The sun perfectly split the stained, dull beige ring in two as the Ruthless one and I met for another sparring session. The gym was quiet except for the sounds of our gloves slamming into each other’s faces and bodies; most people probably think there is something wrong with us but we were having a blast since there are few feelings like the satisfaction of competitive fighting. After four three minute rounds of beating the piss out of each other we were both quite exhausted and dripping with sweat, as always we ended our session with a good discussion about boxing, fight technique and strategy. Every time Rob and I met for a sparring session it was filled with punches, laughter, and the sharing of knowledge.

I came into camp with on idea of what it takes to be a professional fighter but to experience it first hand like anything else in life gave rise to true knowledge and understanding. To answer the question as succinctly as possible it’s an unforeseen inner drive and dedication that few people possess. The everyday person can learn a great deal from true martial artists. I began to grow bored of the classes but would anticipate my sparring sessions a great deal. I was learning not only more about fighting but what it takes to be a professional athlete and furthermore a professional fighter. I would observe pros from around the world such as Anthony and Andrew Leone, JJ Ambrose, Robert Lisita and many others teachers and pro fighters in different disciplines, it was clear to see fighting is a brotherhood and there is mutual respect because all fighters know how hard it is to make fighting a profession. Here are five things I’ve learned from observing and learning from professional MMA fighters.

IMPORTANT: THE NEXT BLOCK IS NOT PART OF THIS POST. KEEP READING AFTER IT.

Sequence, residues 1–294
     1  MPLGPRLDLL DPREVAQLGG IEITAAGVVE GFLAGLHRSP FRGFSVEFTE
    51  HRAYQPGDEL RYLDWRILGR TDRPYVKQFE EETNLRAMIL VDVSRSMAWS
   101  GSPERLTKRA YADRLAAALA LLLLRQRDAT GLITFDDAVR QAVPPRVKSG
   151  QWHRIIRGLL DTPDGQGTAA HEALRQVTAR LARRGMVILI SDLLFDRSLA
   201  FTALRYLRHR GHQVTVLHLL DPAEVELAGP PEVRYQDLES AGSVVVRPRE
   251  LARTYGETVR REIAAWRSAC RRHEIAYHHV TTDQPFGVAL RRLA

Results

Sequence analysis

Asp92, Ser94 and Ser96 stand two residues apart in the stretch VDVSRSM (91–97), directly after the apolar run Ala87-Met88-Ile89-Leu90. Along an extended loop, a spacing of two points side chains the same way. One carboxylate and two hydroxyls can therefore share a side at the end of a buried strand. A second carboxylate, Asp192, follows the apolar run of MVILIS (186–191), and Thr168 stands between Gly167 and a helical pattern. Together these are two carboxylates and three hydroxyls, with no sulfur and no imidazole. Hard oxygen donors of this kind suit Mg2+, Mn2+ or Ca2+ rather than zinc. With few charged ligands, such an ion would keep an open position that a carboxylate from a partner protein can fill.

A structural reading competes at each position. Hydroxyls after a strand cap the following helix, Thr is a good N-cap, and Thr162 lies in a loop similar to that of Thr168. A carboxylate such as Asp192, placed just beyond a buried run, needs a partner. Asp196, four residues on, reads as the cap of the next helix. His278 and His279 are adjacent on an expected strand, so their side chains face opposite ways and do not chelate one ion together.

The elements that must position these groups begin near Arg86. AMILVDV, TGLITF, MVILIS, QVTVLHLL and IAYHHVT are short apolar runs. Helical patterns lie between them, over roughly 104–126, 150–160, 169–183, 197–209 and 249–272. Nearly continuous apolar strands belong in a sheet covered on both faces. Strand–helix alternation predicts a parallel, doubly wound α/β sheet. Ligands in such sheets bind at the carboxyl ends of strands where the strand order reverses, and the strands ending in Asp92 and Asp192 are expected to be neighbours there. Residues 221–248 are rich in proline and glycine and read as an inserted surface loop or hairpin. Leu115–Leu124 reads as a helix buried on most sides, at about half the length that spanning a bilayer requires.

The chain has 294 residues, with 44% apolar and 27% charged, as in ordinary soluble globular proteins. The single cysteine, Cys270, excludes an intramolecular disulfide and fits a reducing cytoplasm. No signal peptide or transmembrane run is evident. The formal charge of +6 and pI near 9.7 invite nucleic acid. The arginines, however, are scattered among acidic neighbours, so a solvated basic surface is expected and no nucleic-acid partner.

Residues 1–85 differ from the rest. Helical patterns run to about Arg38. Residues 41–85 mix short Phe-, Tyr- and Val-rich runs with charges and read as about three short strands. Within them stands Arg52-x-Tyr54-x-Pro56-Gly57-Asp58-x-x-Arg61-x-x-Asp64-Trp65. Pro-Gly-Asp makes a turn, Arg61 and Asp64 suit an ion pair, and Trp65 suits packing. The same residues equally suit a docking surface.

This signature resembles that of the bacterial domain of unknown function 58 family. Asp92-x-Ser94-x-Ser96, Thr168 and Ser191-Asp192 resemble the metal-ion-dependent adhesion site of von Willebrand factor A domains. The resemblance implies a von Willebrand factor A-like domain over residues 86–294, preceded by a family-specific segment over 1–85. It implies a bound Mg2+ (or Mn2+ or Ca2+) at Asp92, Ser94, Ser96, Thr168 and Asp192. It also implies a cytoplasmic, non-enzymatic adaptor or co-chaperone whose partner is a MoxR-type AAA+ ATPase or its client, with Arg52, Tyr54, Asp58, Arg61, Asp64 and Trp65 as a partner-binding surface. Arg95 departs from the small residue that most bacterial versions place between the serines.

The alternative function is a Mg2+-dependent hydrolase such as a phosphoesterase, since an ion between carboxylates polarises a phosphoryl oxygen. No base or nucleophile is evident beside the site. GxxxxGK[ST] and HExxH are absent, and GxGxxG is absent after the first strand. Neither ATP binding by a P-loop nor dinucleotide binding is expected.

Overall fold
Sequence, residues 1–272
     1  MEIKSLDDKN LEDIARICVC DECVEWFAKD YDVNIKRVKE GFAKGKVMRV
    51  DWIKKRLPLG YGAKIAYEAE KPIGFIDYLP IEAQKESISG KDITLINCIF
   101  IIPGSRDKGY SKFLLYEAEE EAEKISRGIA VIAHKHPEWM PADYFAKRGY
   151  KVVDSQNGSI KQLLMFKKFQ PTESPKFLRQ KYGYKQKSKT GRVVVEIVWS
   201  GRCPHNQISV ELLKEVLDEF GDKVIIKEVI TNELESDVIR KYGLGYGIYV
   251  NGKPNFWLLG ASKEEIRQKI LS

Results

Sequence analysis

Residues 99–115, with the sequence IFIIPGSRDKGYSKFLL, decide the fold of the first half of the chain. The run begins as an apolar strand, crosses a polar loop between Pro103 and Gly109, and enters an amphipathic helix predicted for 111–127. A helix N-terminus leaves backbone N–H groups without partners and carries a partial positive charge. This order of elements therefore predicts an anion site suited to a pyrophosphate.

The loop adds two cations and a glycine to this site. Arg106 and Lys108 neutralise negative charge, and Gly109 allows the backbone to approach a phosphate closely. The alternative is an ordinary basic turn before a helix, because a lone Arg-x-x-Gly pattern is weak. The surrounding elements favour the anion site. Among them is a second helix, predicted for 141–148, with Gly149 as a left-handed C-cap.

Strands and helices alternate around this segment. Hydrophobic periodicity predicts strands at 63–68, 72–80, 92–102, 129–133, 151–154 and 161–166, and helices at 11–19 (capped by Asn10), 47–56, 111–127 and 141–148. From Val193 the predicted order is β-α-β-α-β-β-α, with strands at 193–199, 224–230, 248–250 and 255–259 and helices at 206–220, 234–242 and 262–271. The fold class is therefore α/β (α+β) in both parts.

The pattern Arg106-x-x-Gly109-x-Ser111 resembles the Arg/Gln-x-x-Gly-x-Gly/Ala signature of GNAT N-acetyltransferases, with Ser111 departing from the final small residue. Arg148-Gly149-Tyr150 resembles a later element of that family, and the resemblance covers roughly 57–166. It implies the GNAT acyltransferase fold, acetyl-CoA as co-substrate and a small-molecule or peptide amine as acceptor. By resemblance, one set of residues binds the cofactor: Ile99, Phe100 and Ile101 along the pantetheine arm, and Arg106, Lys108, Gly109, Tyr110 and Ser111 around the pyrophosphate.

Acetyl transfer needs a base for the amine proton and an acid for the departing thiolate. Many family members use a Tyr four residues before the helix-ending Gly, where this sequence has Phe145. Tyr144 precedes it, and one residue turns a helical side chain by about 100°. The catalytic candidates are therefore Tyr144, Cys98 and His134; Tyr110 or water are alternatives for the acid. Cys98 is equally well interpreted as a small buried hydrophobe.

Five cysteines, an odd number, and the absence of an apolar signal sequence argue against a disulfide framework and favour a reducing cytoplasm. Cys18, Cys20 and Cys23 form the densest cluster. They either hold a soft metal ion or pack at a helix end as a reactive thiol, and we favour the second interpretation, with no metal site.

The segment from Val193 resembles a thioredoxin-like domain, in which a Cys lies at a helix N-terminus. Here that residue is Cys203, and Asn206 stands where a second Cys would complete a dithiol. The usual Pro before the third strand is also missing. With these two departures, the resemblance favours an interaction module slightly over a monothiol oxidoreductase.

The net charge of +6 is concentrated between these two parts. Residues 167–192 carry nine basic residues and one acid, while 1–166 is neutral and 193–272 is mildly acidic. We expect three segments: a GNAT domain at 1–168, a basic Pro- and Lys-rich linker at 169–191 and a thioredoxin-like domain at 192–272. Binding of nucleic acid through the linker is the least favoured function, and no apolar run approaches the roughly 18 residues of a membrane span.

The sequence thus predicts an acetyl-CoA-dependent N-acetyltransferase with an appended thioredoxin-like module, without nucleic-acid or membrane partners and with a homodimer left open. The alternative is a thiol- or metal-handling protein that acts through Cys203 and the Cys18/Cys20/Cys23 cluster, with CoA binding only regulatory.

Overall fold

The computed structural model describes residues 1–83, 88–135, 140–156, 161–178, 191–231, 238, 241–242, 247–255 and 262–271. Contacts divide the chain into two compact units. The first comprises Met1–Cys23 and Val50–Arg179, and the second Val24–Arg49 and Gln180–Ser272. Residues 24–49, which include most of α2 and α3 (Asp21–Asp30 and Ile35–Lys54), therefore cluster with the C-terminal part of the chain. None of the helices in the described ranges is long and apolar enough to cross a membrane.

1. Dedication is everything: If you want to succeed you have to work for it. Day in and day out you must always constantly be improving and pushing yourself. The day you give up inside the gym is the day you’re finished as a fighter. If you want anything in life you have to work for it and the best way to achieve your goals is to chip away at them day by day.

  2. Be Open to Learning: No matter how much you know you can learn more, everyone can teach you something, be humble.

  3. Believe in Yourself: Since fighting is one on one it’s up to you to win and believe in yourself. You must have total belief in yourself if you want to succeed and you increase that inner belief with hard work.

  4. Knowledge is Power: The same way that BJJ is designed for the smaller man to beat the bigger man we must never stop learning for knowledge is a major factor in success.

  5. You Can Push Further Than You Think: One key element a fighter will possess is the ability to push himself further than he thinks he can go and they do this daily. Pushing your body and mind to the limits develops true strength and most of the time the fighter and person who is able to push further will win the fight.

The career of a professional fighter is a difficult one filled with many ups and downs. To be given the opportunity to fight with Muay Thai, BJJ, and MMA world champions was a true pleasure and massive learning experience. It was obvious to see that excellence was not given but earned and they all knew if they wanted to be the best they would have to earn it themselves. There are no easy ways to the top, no shortcuts, just dedication and hard work.

Thanks to all of the incredible people I met at Phuket Top Team you will not soon be forgotten!

Learn about Matt by visiting his Contributor Page